Blake Mycoskie and his sister finished second on CBS's 'round-the-globe Amazing Race
last spring because they couldn't hail a cab to cross the Golden Gate Bridge.
Now he's running around again, trying to put the reality genre on cable 24/7.
Along with E! Entertainment Television co-founder Larry Namer, Mycoskie — who launched successful outdoor advertising businesses in Nashville, Tenn., and Dallas — is looking to launch Reality Central next January.
The service, which seeks digital carriage, hopes to capitalize on the programming trend that has shaken broadcast's drama-and-sitcom foundation in recent years. It would amalgamate news and information shows, genre imports and enhanced encore editions of programs that have already played in the U.S.
The targets: adults 18 to 34, millions of whom have flocked to shows like Joe Millionaire, Survivor
and Fear Factor.
"The water cooler talk today is about what happened on Joe Millionaire, or is Trista going to marry Ryan [ABC's The Bachelorette]. The winners on these shows have become celebrities themselves," said Namer, who serves as CEO. "This is not MTV's The Suite or Discovery 9. This is differentiated programs."
Added Mycoskie: "Many young people have grown up on [MTV's] The Real World. For them, this is what TV has been about. Reality Central is a way for advertisers to reach an elusive group."
Starting today, Namer, Mycoskie and other TV veterans like former Spelling Entertainment Group executive Karen Miller (Reality's senior vice president of programming and marketing) and former Fox Cable Group general manager Andrew Thau (head of business development) will be trying to reach cable and satellite providers with a pitch promising two years of free carriage, plus up to a 10% cut of advertising dollars for charter affiliates.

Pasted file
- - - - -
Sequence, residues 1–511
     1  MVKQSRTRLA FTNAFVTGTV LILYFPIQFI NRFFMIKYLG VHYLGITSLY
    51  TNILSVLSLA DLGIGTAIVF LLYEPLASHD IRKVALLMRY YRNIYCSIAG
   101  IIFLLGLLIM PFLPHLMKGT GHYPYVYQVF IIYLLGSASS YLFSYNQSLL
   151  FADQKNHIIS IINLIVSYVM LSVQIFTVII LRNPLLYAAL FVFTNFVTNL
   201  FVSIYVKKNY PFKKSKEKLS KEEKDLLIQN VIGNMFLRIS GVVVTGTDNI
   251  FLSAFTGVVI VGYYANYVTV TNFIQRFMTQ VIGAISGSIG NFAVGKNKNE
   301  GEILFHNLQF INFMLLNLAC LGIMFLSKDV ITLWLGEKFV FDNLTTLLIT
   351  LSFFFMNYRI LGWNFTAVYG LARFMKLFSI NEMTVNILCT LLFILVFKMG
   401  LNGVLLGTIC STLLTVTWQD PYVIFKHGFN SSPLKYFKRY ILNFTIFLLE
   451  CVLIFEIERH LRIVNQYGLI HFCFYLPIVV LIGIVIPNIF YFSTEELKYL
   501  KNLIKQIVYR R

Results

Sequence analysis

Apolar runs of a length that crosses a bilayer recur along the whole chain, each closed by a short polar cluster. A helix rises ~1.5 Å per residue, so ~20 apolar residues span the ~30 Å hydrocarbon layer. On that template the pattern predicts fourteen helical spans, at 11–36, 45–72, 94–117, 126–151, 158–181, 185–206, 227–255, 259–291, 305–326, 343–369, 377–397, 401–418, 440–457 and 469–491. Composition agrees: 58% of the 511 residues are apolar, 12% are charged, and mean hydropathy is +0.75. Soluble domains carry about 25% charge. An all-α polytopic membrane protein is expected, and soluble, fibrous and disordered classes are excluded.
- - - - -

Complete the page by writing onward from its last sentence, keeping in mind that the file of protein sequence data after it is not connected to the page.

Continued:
Backed by first-round seed money totaling $25 million, including investments by reality show winners, Reality Central has a conservative business model that calls for it to launch in 3 million homes.
To further entice distributors, Mycoskie said Reality Central will develop daily gossip and news content for broadband and video-on-demand applications.
The marketing pump will include mall tours this fall, featuring many of the 30 reality programming stars that have signed promotional contracts with the network, including Survivor
winners Richard Hatch and Tina Wesson. The executives expect to have 100 reality veterans in the fold by launch.
Namer said negotiations to acquire rights to shows that have aired in the U.S. are underway and he is confident they can be procured for reasonable fees: To date, reality shows have not enjoyed second lives in syndication.
"There's a lot of programming just sitting on shelves," he said.
Jean Pool, executive vice president, director of operations for ad agency Universal McCann, said the channel could have appeal on Madison Avenue as clients try to reach young adults.
"We certainly don't have enough of them and some of these shows have developed loyal followings," Pool said. "I'm not saying the reality craze is going to last forever, but the channel has a chance to morph as the genre does."
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